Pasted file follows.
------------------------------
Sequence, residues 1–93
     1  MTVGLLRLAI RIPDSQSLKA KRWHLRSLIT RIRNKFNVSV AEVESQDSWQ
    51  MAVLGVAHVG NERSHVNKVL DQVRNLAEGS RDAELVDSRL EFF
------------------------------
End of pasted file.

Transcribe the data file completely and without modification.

Sequence, residues 1–93
     1  MTVGLLRLAI RIPDSQSLKA KRWHLRSLIT RIRNKFNVSV AEVESQDSWQ
    51  MAVLGVAHVG NERSHVNKVL DQVRNLAEGS RDAELVDSRL EFF